It was a hot night, so it should have felt easier to sleep outside. But how could any of us sleep as the minutes turned to hours and our mother’s groans evolved into a tiger’s roar? Village women flowed toward our hut like ants on the trail of a dropped piece of sweet shondesh. I knew they felt especially concerned because Ma could not go to her childhood home to give birth, since her parents had passed.
Ma’s cries grew wilder, but still the baby would not budge. Eventually Chitra-massi told my father to fetch Dr. Dasgupta from the next village. My father rode off with a neighbor in his cart; it was some hours later that they returned with the doctor. The sky was light and my mother was hardly crying at all, which made me fear for her all the more.
I watched the doctor’s black case bang against his legs as he hurried inside. What did the case hold? I did not trust doctors and their tools. If he had a knife, he could kill my mother or the baby by accident. Silently, I begged the goddess Lakshmi to watch over my mother and the baby. I was beyond wishing for a little brother; I just wanted whoever was inside to come out alive.
Morning traffic to the river was under way when new sounds broke from the hut: happy cheering and laughter. Thakurma emerged covered in sweat but with a smile as wide as the lightening sky. She told us that a little brother had been born, with big ears for listening to his sisters and lots of black curly hair. He had been locked inside of Ma, and Dr. Dasgupta had used something called forceps to free his head. She said she’d almost fainted from the sight of it, but it had worked. Ma was quite tired but wanted to see us.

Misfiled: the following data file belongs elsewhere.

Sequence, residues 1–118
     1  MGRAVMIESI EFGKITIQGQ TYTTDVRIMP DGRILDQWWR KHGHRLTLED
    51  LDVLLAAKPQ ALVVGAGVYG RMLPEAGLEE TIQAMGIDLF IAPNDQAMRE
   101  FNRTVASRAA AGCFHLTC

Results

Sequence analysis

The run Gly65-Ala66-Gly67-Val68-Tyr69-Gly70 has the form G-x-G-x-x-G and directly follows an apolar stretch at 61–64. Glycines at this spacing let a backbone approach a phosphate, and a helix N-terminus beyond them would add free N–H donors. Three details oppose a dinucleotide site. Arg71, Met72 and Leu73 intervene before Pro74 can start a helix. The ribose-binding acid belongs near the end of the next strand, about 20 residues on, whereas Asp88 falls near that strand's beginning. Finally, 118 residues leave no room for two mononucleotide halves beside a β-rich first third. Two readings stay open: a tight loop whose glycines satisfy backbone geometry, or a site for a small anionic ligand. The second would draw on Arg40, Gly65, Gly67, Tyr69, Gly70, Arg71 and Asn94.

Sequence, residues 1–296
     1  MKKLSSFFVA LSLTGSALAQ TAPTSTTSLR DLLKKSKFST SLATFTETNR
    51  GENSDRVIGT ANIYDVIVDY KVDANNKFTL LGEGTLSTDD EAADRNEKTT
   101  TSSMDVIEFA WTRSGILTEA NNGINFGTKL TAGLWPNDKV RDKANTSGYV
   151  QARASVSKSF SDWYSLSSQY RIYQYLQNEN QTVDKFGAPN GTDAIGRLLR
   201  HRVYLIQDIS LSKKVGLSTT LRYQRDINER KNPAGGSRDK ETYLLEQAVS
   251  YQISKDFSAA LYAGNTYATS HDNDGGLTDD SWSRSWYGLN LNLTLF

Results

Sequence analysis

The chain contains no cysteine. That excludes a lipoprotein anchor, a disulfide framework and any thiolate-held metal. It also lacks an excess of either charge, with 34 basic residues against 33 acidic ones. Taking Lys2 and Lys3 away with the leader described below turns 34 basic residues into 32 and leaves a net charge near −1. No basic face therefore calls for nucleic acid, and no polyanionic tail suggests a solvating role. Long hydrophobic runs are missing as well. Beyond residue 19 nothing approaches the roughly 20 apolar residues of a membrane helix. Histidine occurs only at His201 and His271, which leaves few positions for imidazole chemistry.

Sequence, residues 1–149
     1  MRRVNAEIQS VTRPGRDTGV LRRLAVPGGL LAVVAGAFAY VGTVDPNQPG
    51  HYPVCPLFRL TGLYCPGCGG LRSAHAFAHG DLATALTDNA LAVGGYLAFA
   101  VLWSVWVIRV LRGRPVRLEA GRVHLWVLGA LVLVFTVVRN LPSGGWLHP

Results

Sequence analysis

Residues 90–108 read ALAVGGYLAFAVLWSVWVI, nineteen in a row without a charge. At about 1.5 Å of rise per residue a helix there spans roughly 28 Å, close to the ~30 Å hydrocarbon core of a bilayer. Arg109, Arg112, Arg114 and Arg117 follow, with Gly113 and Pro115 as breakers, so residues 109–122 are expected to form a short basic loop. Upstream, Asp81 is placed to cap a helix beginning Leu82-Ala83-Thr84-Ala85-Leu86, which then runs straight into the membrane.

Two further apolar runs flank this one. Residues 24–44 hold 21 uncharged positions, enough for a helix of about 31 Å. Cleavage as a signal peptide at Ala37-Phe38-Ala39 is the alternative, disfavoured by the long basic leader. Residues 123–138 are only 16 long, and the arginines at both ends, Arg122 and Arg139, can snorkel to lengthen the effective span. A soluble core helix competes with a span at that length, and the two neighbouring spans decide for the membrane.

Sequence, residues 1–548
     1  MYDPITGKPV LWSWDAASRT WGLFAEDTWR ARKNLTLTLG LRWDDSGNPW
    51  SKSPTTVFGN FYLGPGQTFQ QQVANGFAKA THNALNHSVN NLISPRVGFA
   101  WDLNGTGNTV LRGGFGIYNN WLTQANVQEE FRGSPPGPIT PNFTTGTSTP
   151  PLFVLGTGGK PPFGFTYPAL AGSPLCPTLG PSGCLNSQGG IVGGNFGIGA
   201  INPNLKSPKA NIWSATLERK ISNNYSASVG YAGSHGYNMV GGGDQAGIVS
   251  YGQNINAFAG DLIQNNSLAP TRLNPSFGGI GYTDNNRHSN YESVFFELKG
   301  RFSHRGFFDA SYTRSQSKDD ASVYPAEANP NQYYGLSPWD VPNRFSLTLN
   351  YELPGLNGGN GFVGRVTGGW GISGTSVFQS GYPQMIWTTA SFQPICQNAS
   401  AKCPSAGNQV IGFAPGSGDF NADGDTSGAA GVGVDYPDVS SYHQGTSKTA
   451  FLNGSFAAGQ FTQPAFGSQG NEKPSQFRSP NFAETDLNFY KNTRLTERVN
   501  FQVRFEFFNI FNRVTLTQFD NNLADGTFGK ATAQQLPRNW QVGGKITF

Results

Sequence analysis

My sisters and I could not get inside the hut quickly enough. The air was full of heavy smells: incense, the afterbirth, and sweat. After kissing Ma’s damp cheek, I turned to look at the new one in the family.
“Bhai,” I breathed softly. Thakurma gently lifted part of the red swaddling cloth to show his miniature boy’s face with closed-shut eyes. His skin was fair, but the sun would darken him to the same golden-brown color as me.
“Double curses wiped out by a gift from Krishna himself. We will give ten rupees to the temple!” Thakurma hugged me against her thin frame.
It didn’t matter whether Krishna or Lakshmi or any other deity was responsible, I thought while studying my brother’s wet curls plastered from the sandalwood-scented bath he’d just taken. He was so beautiful that calling him Bhai—brother—seemed too ordinary. All the other children in Johlpur called their brothers Bhai. And they had not prayed as hard for a miracle.
As I retreated back to the sleeping mats and settled between Rumi and Jhumi, I drowsed off, pondering what kind of name my grandfather would choose for my little bhai. Then another worry came: how would we ever come up with the goat Ma had promised Lakshmi and the rupees owed to both her and Krishna?
You may think such karmic debts are old-fashioned Hindu superstitions worth as much as an Englishman’s crossed fingers or thrown salt. But I have sometimes wondered whether paying those heavenly debts right away might have kept them from becoming my burden. Then I would never have left the beautiful shores of Johlpur, and I would be able to tell you my name.